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Which is the global variable which holds all the environmental variables for getenv() ? In what glibc file is this var filled with env vars ?

I believe it to be **environ but when I set an env var in bash it only ouputs the SSH_AGENT_PID env var. Why is SSH_AGENT_PID set and why is it the only one that is set ?


DOCUMENT_ROOT='/foopath/'; export DOCUMENT_ROOT

int main(void)
{
extern char **environ;
printf("%s\n", *environ); // outputs: SSH_AGENT_PID=2822
}

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1 Answer 1

up vote 5 down vote accepted

char **environ is NULL-terminated array of strings, so you should try:

extern char **environ;
char **p;
for (p = environ; *p; p++) {
    printf ("%s\n", *p);
}

In other words, environ[0] is pointer to first env variable, environ[1] to second etc. Last element in environ array is NULL.

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And there's no guarantee that the list of variables is any particular order, and in some (unusual) circumstances, there might be two entries for a single variable. It used to be the case that the environment was also passed into POSIX-ish programs if you used int main(int argc, char **argv, char **envp) for the main function declaration. However, neither the 2003 nor the 2008 standard mentions this possibility, so I guess it is not guaranteed. MacOS X still supports it, and so probably do most variations of Unix (it was documented for 7th Edition Unix in 1979). –  Jonathan Leffler Jun 27 '10 at 15:25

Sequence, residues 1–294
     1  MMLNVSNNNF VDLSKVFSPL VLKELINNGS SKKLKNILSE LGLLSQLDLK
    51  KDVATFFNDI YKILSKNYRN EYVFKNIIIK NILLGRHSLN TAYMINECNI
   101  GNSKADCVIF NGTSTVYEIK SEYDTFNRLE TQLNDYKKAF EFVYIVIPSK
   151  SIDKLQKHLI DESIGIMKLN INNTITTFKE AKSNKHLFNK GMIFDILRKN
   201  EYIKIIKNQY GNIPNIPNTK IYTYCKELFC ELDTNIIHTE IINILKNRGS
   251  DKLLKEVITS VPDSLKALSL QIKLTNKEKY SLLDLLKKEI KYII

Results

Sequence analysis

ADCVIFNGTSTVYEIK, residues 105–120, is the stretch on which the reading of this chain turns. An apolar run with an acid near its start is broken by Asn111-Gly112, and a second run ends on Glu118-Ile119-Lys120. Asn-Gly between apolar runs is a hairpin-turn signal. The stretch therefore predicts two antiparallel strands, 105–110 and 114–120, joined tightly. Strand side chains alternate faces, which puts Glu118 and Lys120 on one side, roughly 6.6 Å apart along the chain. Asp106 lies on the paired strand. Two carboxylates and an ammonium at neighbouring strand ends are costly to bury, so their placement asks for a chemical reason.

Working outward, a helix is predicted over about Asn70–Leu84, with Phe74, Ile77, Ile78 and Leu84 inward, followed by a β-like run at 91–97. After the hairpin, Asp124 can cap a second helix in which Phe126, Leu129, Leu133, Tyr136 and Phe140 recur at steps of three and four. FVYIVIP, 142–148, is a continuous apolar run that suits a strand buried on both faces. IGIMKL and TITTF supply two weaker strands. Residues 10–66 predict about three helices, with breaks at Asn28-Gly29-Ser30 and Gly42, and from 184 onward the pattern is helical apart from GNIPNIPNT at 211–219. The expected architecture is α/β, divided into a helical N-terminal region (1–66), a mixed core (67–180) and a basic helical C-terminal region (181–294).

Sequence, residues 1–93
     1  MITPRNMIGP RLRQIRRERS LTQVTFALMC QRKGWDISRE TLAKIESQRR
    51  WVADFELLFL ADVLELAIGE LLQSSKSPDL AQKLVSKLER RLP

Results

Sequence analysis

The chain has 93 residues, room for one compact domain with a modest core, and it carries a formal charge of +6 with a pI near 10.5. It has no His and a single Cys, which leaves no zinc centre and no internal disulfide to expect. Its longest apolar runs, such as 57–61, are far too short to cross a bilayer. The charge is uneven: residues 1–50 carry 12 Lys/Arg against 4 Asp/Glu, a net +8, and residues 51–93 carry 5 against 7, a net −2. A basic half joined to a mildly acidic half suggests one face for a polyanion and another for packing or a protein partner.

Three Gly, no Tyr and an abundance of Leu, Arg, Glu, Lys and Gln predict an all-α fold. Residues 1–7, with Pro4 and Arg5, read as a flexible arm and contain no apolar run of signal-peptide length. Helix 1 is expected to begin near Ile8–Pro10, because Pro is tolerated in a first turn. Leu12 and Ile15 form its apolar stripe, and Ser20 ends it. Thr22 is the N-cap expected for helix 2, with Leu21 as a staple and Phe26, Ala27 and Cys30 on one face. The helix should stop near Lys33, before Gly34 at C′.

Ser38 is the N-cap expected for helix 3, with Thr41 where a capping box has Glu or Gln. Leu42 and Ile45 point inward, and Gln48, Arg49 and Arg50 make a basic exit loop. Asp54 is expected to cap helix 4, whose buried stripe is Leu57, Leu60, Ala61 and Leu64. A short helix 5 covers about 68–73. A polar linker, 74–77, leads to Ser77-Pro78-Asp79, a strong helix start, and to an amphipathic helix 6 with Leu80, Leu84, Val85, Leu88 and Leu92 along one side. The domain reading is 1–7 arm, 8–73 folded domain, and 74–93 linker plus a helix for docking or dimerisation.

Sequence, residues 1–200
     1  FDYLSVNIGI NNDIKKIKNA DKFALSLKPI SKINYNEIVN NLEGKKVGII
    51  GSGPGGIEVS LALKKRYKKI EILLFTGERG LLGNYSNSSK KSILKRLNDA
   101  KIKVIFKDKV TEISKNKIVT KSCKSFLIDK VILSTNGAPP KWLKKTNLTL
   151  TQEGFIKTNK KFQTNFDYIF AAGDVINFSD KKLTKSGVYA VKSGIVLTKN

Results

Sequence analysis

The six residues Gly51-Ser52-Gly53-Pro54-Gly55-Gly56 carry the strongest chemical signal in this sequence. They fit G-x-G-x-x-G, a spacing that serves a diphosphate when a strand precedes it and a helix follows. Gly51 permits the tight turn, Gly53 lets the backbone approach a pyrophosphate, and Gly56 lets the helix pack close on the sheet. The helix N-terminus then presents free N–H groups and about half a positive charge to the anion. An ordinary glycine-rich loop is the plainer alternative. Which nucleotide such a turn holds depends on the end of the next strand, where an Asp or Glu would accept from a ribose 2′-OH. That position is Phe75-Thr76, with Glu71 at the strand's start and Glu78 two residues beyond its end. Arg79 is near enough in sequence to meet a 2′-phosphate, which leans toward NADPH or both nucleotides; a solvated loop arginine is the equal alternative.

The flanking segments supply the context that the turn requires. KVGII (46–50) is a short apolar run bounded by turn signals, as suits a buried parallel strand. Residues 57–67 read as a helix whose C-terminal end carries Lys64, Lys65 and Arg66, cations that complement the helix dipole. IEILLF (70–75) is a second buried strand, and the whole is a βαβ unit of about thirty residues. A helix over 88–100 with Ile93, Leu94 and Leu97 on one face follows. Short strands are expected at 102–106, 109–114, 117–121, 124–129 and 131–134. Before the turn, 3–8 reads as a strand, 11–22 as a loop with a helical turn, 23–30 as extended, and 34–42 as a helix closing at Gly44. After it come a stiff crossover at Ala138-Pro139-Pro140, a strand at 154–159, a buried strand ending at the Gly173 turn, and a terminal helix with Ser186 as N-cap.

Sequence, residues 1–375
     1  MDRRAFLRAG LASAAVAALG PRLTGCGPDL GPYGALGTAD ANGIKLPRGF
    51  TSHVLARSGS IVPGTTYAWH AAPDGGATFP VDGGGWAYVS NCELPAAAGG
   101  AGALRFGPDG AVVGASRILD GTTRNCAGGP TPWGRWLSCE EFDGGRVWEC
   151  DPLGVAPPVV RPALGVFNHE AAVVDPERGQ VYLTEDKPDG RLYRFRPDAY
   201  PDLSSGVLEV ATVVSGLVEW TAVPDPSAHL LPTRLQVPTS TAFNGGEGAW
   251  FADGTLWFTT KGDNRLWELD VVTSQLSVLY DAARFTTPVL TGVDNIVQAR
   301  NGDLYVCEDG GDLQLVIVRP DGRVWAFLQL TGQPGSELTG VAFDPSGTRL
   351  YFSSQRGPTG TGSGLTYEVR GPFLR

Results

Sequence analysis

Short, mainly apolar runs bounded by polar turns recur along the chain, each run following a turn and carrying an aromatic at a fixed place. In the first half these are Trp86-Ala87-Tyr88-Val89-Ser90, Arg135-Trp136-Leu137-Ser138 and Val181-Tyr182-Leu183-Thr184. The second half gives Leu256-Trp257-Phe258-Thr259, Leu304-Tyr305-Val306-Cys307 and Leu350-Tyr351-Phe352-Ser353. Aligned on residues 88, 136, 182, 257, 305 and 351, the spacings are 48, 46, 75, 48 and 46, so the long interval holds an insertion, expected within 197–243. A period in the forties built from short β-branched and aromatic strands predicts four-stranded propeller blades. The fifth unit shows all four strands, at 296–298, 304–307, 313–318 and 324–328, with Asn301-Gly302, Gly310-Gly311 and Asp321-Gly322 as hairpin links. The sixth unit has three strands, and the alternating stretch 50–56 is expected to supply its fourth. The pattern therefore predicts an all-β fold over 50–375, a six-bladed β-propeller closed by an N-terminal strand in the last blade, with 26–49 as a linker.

1  
Conventionally implemented by #include <unistd.h> rather than extern char **environ. The variable is exported by glibc and declared in glibc//posix/environ.c. –  Jonathan Ben-Avraham Mar 30 '13 at 19:58

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